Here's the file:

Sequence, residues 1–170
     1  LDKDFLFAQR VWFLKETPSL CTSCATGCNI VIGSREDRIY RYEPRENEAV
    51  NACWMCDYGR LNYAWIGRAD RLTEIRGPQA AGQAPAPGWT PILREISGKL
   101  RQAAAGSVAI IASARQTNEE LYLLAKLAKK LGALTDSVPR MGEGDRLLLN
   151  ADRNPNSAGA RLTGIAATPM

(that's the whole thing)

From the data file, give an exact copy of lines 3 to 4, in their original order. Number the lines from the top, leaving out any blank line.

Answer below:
    51  NACWMCDYGR LNYAWIGRAD RLTEIRGPQA AGQAPAPGWT PILREISGKL
   101  RQAAAGSVAI IASARQTNEE LYLLAKLAKK LGALTDSVPR MGEGDRLLLN